Become familiar with digital assets and how they work in estate planning
Digital Assets

Become familiar with digital assets and how they work in estate planning

Understanding Digital Assets

Though many people have been ingrained with the idea that an estate plan is simply about preparing the distribution of your finances, today’s technological era has added a new aspect to estate planning: digital assets. It is a subject unique to our times. Traditional means of communication, record keeping, and transactions now, for the most part, take place in the virtual world. But what exactly is a digital asset ?

In the broadest sense, digital assets are simply our online records. From uploading a funny cat video to subscribing to a blog on gardening, the expanse of our online records seems to be immeasurable. Moreover, technology develops at such a rapid pace that it is difficult for laws regulating what constitutes a digital asset to keep up. Nevertheless, the following should serve as a guide for understanding what comprises a digital asset so that you may begin considering how you will want these to be administered and distributed within your estate plan.

Electronic Communications— Most people’s electronic communication used to be limited to email. Today, however, people communicate through at least five popular platforms: Facebook, Twitter, Instagram, Pinterest, and LinkedIn. All of these fall under the category of electronic communications, as do blogs.

Online Reward Programs—Many companies and retailers offer online customers discounts, points, or cash back for shopping with them.  Some of the more popular industries to offer these kinds of rewards are hotels, airlines, and credit card companies.

Financial Accounts—Banks can now give their clients the option to go paperless and simply conduct their banking business online. However, any company you are subscribed to which lets you digitally send and receive money, like PayPal or Venmo for example, constitutes a financial account.

Digital Collections—This is a more personalized aspect within the domain of digital assets. Photographs, videos, and music files that have been uploaded can all be considered a part of your digital assets.

From the previous list, it’s plain to see how varied the definition of digital assets can be. And while this does add to the complexity of organizing your estate, your estate planning attorney can guide you through it as they would with physically tangible assets.

Keep in mind that not all digital assets need to go into your estate plan, and indeed, some state laws do stipulate that certain items are not to be included. Generally speaking, however, if your digital assets are under your ownership and have financial value, they can and should become a part of your estate when you pass on.

Here are some suggestions to help you start drafting your plan for your digital assets:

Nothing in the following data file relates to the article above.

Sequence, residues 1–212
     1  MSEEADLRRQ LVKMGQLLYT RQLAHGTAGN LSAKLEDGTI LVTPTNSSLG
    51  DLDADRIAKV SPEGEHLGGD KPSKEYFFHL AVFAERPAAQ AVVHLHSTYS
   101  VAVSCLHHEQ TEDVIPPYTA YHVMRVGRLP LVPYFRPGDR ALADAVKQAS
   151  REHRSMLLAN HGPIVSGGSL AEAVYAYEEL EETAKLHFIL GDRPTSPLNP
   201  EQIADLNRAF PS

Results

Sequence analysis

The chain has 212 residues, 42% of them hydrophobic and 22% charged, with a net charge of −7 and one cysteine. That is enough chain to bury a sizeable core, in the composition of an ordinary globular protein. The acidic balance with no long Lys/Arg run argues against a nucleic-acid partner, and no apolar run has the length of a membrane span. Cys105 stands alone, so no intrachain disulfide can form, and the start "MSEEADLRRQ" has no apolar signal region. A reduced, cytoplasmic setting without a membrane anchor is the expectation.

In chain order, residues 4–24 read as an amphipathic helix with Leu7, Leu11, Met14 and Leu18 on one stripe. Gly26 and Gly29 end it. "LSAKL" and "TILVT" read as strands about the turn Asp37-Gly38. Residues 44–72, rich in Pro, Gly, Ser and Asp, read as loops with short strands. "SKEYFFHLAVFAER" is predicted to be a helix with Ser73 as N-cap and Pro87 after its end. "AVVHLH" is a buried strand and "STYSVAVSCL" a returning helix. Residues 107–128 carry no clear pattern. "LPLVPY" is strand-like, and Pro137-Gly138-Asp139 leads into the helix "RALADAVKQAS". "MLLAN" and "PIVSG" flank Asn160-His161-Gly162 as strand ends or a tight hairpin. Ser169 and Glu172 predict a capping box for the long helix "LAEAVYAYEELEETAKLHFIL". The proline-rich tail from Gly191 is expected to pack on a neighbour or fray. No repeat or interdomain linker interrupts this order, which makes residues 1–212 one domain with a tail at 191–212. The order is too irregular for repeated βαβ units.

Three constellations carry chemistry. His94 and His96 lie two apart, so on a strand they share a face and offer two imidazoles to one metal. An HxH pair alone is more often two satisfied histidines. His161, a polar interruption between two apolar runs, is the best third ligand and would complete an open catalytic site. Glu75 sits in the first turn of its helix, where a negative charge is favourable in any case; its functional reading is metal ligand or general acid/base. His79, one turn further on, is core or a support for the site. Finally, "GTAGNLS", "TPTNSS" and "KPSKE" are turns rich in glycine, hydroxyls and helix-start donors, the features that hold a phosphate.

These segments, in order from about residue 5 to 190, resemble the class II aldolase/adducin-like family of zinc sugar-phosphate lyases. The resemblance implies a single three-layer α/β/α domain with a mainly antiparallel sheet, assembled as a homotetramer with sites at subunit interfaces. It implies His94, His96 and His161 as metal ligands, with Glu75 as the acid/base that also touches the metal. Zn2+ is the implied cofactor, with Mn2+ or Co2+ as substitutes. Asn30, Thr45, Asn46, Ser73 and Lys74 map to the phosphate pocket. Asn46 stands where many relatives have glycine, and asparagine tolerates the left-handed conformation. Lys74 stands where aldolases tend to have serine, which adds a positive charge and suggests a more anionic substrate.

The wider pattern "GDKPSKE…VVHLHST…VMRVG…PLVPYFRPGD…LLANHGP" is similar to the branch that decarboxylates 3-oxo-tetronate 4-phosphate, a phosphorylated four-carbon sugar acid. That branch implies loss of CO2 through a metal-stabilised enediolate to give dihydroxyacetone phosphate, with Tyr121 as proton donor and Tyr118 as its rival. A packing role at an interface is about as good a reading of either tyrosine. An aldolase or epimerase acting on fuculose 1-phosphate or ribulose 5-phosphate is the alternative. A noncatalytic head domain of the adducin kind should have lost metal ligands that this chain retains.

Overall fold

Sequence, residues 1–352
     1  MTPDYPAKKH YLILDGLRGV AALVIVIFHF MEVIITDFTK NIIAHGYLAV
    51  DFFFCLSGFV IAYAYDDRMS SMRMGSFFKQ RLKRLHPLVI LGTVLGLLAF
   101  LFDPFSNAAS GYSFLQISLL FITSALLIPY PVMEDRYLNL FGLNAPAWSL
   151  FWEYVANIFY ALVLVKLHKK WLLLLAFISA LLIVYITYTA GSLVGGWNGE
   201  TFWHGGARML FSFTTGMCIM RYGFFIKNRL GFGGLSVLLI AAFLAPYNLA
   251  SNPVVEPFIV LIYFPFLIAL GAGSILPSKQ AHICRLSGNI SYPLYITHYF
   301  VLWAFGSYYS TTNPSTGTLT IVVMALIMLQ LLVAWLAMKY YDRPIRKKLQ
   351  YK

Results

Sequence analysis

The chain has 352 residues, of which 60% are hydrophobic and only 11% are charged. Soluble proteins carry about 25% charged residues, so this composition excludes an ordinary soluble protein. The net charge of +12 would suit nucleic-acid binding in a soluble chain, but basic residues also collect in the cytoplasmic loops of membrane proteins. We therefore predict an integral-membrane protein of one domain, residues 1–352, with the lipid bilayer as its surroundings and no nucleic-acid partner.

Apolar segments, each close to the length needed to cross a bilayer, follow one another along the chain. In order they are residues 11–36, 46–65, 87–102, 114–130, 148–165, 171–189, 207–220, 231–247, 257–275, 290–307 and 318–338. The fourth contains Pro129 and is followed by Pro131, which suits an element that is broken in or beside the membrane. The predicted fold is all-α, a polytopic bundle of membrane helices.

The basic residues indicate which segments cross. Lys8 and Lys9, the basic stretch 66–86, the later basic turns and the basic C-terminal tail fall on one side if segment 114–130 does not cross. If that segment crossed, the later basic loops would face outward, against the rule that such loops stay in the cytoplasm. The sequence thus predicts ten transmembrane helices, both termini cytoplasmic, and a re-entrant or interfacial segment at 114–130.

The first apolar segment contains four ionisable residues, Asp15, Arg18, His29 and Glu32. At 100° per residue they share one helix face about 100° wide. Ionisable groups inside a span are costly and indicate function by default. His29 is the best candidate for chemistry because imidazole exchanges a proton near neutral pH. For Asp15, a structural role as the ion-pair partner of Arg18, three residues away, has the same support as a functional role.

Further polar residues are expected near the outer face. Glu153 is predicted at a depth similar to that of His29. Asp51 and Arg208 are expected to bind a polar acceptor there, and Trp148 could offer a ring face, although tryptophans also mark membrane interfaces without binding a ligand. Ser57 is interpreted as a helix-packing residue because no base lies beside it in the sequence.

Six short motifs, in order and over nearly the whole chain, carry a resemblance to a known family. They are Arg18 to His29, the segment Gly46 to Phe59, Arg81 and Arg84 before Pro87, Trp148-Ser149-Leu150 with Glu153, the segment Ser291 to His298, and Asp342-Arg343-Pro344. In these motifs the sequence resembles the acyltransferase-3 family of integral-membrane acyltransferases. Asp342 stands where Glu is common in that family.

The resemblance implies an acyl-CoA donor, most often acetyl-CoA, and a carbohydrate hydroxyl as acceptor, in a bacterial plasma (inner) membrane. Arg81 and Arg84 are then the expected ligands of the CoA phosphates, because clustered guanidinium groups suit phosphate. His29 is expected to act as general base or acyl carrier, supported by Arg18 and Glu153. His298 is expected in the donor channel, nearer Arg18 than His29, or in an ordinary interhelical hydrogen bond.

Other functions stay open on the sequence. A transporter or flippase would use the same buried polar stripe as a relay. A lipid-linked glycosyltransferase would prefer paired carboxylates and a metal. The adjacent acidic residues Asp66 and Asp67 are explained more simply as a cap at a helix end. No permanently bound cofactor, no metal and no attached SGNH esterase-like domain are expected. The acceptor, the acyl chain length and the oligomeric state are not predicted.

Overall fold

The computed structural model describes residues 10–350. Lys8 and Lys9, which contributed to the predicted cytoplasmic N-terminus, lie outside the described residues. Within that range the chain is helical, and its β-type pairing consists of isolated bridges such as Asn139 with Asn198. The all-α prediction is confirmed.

Create a list of your digital assets

You’ll want to compile an inventory by determining what digital assets you currently hold online so that you know what you’re working with. You can use the list above as a starting point. However, it is extremely important to remember that along with cataloguing your online records, you must include access information: username, passwords, and “secret question” responses. Make sure you keep this information in a secure place or use an online password storage service so that when the time comes to consult with your estate planning attorney, this information is securely accessible.

Once you have created a list of your online records and accounts, your estate planning attorney or probate attorney can go over different avenues for planning out the management and distribution of your digital assets. Whatever options are set before you, here are two key points to consider with regards to your plan.

Decide how you want your digital assets managed:

Go down each item on your list of digital assets and give some thought as to how you want them handled in the event of your death. You may find that there are numerous instances where an item is of very little importance to you, like a rewards program you never used. You may also find that you have a few major decisions to make. For example, if you run an online business or own cryptocurrency you’ll want to be specific about what you want done with them in the future. This may take some time, given that a majority of people own multiple online accounts, but you’ll be securing your digital assets as well as saving your loved ones from having to sort through all of your virtual accounts.

Appoint a person of trust to administer your digital assets:

As with appointing an administrator for your estate of physical property, you’ll have to designate someone you trust to have access to your virtual property should you pass away. Naming a digital executor will safeguard the digital assets you have compiled against ill or fraudulent use. You’ll have the assurance that only the person you have named will be in charge of managing your digital assets. Moreover, by naming an executor for your online properties, you’ll protect your loved ones from inadvertently breaking state and federal laws with regards to accessing private accounts.
At its core, planning out the future of your digital assets follows the same basic framework as planning out the future of your physical assets. There is nothing overly complicated within this process, especially if you get in touch with an estate planning attorney to help you along the way. Remember that like with your regular estate plan, you should keep your digital one up to date in terms of changing or deleted assets.

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